4. Pain in the site of the affected joint

The intensity of pain in the area of the affected joint was tested by means of a subjective sensation scale analogous to that used for itching. The resulting mean value was 1.93. It can therefore be assumed that there may be pain in a joint with developing HO. Other causes of such pain must however also be taken into account, e.g. incipient infection.

5. Joint movement extent

In patients with HO in joint areas, the extent of joint movement varied from normal to total ankylosis. The movement extent was influenced by:

  1. scar soft tissue contractures
  2. HO development itself in the joint area.

In many cases only the peroperative finding clarified the contribution of the above factors to the limited joint movement. The joint movement extent cannot therefore in most cases be correlated with X-ray findings. It is only the X-ray picture of joint destruction with intra-articular ankylosis and ankylosis due to massive bone bridging round the joint which corresponds to the clinical findings.

C. Extra-articular HO that limit joint movement are removed by their resection, and in joint devastation followed by intra-articular bone ankylosis by means of arthroplasty. Resection may be performed only in mature bone: after removal of immature bone the ossification process in the joint area recurs resulting again in limited movement.

1. Skin cover condition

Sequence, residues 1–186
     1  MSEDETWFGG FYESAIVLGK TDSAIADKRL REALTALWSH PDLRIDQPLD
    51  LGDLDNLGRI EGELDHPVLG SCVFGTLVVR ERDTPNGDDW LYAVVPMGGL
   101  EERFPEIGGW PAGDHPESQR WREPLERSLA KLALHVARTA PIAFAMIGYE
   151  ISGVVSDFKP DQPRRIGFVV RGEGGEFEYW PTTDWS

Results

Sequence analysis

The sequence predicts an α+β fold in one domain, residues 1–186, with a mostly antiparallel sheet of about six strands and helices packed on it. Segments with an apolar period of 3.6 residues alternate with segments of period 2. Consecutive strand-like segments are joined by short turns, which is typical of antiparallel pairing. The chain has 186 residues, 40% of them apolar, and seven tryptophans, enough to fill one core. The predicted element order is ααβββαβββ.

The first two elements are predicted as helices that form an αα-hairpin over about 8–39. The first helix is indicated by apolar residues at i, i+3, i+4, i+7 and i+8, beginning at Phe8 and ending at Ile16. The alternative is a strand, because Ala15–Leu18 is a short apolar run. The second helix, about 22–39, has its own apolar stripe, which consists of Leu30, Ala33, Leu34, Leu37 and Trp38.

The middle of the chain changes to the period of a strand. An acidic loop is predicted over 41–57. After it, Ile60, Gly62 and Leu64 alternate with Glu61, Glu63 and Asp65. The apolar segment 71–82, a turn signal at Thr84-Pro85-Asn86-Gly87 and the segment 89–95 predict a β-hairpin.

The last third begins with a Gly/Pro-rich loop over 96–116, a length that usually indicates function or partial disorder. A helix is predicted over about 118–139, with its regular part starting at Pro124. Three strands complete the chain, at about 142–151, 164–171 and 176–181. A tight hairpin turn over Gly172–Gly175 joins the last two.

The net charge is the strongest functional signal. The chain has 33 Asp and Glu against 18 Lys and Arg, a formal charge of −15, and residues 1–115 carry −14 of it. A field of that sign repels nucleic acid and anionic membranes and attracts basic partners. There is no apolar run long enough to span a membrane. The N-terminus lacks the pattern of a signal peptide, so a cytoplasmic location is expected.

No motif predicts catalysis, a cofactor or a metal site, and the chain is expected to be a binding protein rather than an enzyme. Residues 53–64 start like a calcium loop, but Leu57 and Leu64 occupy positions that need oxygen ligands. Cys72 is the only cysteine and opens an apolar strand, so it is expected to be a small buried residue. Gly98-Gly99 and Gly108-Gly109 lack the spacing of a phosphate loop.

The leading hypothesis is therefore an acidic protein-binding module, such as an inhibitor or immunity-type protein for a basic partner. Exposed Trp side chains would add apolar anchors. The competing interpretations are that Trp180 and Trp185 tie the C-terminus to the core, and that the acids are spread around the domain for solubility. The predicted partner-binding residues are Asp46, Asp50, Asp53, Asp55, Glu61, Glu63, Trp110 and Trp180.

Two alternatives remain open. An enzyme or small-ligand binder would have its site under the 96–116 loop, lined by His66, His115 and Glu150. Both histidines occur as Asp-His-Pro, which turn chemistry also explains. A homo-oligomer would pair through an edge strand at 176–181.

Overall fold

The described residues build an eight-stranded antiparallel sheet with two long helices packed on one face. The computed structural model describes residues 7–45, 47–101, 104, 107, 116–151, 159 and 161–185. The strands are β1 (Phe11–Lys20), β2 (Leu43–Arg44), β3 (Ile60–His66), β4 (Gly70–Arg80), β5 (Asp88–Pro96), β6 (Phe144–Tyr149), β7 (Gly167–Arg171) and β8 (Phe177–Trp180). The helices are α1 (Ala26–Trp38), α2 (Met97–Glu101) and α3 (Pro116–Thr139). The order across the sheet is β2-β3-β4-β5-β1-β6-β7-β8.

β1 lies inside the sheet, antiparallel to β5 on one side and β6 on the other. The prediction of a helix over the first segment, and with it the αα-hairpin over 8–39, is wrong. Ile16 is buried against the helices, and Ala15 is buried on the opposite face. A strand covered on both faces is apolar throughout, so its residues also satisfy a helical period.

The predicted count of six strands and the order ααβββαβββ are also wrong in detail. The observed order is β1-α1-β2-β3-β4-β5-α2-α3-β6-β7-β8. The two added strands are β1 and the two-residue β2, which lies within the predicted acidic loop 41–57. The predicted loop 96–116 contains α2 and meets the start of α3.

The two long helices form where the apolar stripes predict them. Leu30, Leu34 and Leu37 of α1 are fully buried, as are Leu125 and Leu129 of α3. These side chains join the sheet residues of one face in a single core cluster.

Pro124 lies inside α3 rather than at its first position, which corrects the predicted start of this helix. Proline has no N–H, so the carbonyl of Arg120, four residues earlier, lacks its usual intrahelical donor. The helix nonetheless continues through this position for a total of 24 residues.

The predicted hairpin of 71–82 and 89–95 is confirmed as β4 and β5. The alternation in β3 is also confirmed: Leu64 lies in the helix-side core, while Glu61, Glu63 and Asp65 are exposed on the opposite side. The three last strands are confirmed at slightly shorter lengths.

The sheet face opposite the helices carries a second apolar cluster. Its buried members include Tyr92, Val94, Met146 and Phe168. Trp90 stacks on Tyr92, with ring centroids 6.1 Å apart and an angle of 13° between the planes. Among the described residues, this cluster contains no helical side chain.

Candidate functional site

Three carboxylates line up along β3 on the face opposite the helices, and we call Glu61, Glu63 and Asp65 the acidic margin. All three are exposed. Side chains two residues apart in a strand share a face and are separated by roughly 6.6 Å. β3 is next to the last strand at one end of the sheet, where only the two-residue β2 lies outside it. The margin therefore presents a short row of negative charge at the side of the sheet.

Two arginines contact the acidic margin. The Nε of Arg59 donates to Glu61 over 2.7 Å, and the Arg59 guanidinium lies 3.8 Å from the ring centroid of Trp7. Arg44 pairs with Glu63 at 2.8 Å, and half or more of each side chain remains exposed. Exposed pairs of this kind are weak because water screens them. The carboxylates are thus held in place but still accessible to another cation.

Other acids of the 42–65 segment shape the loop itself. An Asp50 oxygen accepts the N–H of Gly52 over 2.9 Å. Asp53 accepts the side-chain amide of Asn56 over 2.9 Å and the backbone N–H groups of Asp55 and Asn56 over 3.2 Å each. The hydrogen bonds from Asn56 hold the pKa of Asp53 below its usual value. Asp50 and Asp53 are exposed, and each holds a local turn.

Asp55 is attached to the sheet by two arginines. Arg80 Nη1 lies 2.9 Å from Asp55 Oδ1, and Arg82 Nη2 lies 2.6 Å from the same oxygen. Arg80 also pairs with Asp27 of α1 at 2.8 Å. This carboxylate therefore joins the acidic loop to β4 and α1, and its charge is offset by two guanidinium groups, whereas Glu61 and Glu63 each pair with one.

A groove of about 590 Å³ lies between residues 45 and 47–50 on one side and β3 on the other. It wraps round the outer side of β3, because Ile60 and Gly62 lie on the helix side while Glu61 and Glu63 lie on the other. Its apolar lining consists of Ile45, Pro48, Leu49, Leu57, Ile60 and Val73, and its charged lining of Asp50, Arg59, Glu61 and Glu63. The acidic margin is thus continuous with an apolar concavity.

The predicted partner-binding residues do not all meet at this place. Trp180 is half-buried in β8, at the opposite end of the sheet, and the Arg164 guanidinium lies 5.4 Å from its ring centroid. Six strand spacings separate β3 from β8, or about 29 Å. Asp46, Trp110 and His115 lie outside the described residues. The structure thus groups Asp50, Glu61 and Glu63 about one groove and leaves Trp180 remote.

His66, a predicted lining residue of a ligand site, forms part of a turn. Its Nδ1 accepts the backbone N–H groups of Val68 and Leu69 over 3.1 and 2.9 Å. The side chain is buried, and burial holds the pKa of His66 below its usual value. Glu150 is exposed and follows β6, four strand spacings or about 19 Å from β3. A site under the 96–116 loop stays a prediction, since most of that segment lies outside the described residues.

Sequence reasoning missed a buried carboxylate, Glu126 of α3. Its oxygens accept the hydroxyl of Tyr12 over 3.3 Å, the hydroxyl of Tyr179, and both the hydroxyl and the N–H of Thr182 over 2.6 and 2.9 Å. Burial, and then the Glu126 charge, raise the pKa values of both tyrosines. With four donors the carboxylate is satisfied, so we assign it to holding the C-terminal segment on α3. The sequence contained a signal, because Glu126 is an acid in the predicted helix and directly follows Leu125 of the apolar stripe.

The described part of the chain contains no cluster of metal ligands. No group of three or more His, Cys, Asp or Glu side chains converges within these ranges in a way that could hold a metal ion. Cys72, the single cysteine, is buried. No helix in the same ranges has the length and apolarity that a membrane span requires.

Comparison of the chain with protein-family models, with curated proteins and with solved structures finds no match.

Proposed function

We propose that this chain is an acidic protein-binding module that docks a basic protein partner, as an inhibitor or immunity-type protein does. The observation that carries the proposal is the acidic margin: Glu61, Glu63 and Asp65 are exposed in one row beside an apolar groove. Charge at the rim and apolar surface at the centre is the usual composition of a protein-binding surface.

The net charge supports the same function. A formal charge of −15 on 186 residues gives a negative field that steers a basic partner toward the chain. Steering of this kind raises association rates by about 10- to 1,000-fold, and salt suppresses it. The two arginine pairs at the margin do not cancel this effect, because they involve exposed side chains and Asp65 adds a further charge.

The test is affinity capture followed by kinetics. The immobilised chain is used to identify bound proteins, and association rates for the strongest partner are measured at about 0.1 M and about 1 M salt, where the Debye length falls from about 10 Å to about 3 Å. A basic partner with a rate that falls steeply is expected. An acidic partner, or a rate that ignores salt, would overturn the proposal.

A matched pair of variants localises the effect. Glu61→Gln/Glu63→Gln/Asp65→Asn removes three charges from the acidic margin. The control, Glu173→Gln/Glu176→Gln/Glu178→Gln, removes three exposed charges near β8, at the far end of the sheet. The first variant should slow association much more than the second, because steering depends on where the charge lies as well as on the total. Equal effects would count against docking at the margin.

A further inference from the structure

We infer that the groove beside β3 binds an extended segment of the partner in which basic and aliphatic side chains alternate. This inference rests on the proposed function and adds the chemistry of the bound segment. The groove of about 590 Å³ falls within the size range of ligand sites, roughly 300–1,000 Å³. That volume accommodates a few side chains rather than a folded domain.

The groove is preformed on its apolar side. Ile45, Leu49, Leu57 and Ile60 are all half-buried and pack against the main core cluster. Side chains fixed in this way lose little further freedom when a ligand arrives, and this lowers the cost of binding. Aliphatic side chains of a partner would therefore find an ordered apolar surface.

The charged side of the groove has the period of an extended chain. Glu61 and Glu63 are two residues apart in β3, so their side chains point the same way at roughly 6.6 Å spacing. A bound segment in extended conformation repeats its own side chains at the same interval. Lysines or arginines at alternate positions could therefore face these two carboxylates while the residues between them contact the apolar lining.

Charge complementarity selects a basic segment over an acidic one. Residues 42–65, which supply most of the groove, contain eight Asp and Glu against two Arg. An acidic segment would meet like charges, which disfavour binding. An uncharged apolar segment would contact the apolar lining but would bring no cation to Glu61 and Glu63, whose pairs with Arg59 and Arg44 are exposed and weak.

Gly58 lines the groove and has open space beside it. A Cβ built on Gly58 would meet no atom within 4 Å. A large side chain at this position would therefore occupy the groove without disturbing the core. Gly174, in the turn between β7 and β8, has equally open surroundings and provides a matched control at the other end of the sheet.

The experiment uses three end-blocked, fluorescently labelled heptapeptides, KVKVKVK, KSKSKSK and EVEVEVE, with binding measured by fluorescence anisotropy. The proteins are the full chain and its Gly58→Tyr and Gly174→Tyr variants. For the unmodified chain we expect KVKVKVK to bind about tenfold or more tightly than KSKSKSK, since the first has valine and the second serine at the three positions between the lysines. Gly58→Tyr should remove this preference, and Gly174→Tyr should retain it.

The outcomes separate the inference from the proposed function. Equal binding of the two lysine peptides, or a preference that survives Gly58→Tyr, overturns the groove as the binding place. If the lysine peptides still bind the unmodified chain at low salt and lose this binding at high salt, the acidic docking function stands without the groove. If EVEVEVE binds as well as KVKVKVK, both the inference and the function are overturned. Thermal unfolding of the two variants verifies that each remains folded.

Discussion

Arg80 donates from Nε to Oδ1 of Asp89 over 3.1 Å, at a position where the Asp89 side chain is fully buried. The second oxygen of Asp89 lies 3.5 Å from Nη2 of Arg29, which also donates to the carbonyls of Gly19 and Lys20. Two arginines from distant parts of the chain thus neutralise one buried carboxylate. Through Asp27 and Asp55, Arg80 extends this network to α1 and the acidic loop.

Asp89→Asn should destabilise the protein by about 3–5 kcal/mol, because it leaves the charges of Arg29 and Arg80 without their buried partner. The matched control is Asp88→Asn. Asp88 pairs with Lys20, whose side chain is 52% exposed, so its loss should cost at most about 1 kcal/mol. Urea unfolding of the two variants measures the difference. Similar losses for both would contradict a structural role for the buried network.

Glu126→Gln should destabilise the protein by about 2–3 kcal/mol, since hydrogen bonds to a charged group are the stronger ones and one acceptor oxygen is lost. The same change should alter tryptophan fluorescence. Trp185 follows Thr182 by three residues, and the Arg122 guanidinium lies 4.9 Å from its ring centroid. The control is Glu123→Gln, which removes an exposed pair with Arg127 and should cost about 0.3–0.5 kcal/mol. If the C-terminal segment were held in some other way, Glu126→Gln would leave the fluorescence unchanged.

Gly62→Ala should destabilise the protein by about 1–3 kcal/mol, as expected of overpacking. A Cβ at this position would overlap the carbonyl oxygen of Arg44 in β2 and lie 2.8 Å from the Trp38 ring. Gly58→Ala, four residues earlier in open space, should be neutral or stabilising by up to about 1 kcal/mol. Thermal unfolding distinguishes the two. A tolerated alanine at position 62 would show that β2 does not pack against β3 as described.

The following facts were found, in correlation with the examinations mentioned below, in all patients studied:

  1. immature skin cover or residual granulations mean that the developing HO are not mature yet and/or are still growing;
  2. on the other hand mature scar tissue means that HO ossification ingrowth is finished and either resorption of mature bone or its already unchanging shape may be presumed.

2. Calcium and inorganic phosphorus levels

These were followed up in the period of developing HO as well as in their maturity, which was assessed by other methods. In all patients the level of these minerals in both periods studied was in the normal range, which provides evidence of the dystrophic origin of HO but also shows that it is not necessary to follow these data in HO in everyday practice.

3. Serum alkaline phosphatase level

The alkaline phosphatase isoenzyme is without doubt an osteoblastic activity index. The alkaline phosphatase level (in microcatals) was studied in children (4-15 years of age) and adult patients with HO. The assessment was peformed both in the period of HO development and of mature pyrophosphate activity in immature bone, i.e. the disappearance of ostcoblastic activity = maturity of HO. The scintigraphic investigation prior to planned HO resection is therefore highly recommended.